Using David J. Smith’s acclaimed If The World Were a Village, students will extract statistics and then use them to create graphs and charts. The graphs and charts will help the students better understand inequalities in our world in terms of access to food, clean air, clean water, sanitation facilities, and power (electricity). Working in teams, the students will be able to describe opportunity and access to key resources based on data.
To read for information, extract statistics, and then use them to create a graph to show data in key indicators of human well-being. (AASL 1.1.8, “Demonstrate mastery of technology tools for accessing information and pursuing inquiry.”)
Each student will use statistics and simple software to create a graph showing key economic indicators of well-being in access to food, clean air, clean water, sanitation facilities, and power (electricity).
Remind the students that they have looked at access to education (Toni Morrison’s Remember: The Journey to School Integration) and information (Ukrainian village and Internet access, Andrew Carnegie, information wants to be free). Explain that today they will be examining how “fair” or “equal” the world is on five different scales. Those are:
- Access to sufficient food/nutrition
- Clean air
- Clean water
- Sanitation facilities
- Energy/Power (electricity)
Explain that in today’s lesson, students must pretend that the entire world is a village of 100 people. Read the introduction from Smith’s text on page 7. Make sure that the children understand that each person in the village represents 67.5 million people.
Part 1: Have the students number off from 1 to 5. You should have four or five groups. Five is the ideal number for a group, but in groups of four, the students can work together to complete the 5th assigned graph.
Ask each student to pick up the appropriate handouts. The handouts should be prepared for the children according to their assigned categories. Everyone will need the statistics page (attached).
Number 1 – Food/Nutrition: Statistics Handout plus p. 17 from text
Number 2 – Clean Air: Statistics Handout plus p. 18 from text
Number 3 – Clean Water: Statistics Handout plus p. 18 from text
Number 4 – Sanitation Facilities: Statistics Handout plus p. 18 from text
Number 5 – Energy/Power: Statistics Handout plus p. 25 from text.
Students should read to obtain the statistics in their assigned area, then talk to others in their group to fill in the remainder of the statistics. Each student should have statistics for all five categories before moving on to making charts.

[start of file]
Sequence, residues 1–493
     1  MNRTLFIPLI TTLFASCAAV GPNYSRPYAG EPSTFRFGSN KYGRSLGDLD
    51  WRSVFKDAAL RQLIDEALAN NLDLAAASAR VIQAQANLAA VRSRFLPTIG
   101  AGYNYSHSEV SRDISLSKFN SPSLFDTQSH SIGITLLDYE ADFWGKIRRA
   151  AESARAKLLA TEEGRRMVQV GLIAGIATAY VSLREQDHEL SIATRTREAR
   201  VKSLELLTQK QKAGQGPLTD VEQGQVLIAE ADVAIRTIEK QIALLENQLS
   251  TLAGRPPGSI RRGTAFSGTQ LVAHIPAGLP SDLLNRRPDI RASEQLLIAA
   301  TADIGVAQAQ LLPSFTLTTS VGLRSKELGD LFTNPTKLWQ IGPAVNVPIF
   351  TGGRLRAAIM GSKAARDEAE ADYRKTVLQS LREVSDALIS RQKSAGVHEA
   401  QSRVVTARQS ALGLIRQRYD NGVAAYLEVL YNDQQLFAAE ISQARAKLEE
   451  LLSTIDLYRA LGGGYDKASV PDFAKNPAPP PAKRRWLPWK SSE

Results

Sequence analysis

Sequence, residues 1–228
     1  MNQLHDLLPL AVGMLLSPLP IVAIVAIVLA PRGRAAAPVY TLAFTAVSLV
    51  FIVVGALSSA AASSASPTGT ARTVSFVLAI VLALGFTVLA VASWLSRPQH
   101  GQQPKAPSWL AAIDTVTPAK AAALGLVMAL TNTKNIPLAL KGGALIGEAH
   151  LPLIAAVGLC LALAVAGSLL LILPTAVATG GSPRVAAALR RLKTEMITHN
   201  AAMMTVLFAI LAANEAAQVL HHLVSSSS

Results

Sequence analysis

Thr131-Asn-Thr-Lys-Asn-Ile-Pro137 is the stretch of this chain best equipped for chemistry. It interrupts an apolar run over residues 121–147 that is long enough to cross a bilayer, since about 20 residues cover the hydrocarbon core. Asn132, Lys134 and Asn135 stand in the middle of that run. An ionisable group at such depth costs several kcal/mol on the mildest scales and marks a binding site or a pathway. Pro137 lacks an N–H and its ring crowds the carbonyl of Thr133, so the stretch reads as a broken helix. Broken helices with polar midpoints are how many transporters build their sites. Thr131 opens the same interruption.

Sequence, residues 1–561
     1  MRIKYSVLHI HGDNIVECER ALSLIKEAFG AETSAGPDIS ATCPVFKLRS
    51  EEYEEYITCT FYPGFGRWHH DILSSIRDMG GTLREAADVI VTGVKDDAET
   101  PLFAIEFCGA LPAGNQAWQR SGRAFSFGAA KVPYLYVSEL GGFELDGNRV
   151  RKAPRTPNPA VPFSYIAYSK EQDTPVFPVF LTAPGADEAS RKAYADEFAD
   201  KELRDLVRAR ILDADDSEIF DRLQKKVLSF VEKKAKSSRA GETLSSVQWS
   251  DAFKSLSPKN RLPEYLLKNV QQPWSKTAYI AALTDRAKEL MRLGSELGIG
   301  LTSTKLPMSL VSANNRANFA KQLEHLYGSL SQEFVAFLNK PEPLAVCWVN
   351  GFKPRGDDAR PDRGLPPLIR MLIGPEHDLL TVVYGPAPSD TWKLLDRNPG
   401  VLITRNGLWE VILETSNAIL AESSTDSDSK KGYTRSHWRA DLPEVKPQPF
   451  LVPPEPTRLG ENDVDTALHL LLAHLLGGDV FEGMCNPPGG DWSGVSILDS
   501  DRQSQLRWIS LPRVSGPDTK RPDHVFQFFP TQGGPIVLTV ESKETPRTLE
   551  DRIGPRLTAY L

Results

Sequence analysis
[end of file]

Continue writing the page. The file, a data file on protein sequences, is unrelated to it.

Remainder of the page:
Part 2: Creating Charts/Graphs:
With their completed student assignment sheet and gathered statistics, have each student go to the National Center for Education Statistics “Create a Graph” site, found here: https://nces.ed.gov/nceskids/createagraph/. A picture of the first screen on the site is attached.
Once the students are on the site, demonstrate how to use the software to create a graph. Complete the required steps on each tab. There are five tabs to complete: Design, Data, Labels, Preview, and Print/Save. Keep the graphs/charts simple. Be sure that the graph name includes the student’s name. For example, “Clean Air in the Global Village by Saadhana.” Also, be sure that the students list the book as their source! All source information needs to be directly credited in the graph!
Once a chart is complete, ask the students to email it to themselves. They should open the mail, change the subject line to include their name, and then forward it to their teacher so that the graphs can be printed and added to the portfolio as evidence of learning. If the students know how to upload the file directly to their digital portfolio, great. If not, have the teacher print the students’ graphs to be added either to the Maths or Unit of Inquiry notebooks as a completed work sample from this lesson.
Encourage the students to look at more statistics from the source text and to use the graphing software for other projects that have data sets. Thank them for their work and tell them that next week they will get to take a virtual field trip to Dollar Street to see how kids around the world live and how their family’s income and physical environment may affect their opportunities as they grow up.
- If the World Were a Village by David J. Smith, illustrated by Shelagh Armstrong.
- Copies of pages from the text, which give statistics about food, air, water, sanitation and power. These should be pages 17, 18, and 25.
- Picture of the first screen of the “Create a Graph” tool (attached)
- Copies of the Student Handout (attached).
- Access to the National Center for Education Statistics (NCES) website “Create a Graph” tool, found here: https://nces.ed.gov/nceskids/createagraph/
I usually keep black print, a white background, and 2D in my demonstration. Once the kids see how easy it is to use this software, they will immediately start playing with colors, fonts, etc., but make sure that they get a couple of charts with solid data before they start to experiment.
Recommended books for this lesson:
If the World Were a Village by David J. Smith, illustrated by Shelagh Armstrong
Statistics, Population, Social Sciences, Graphs, Charts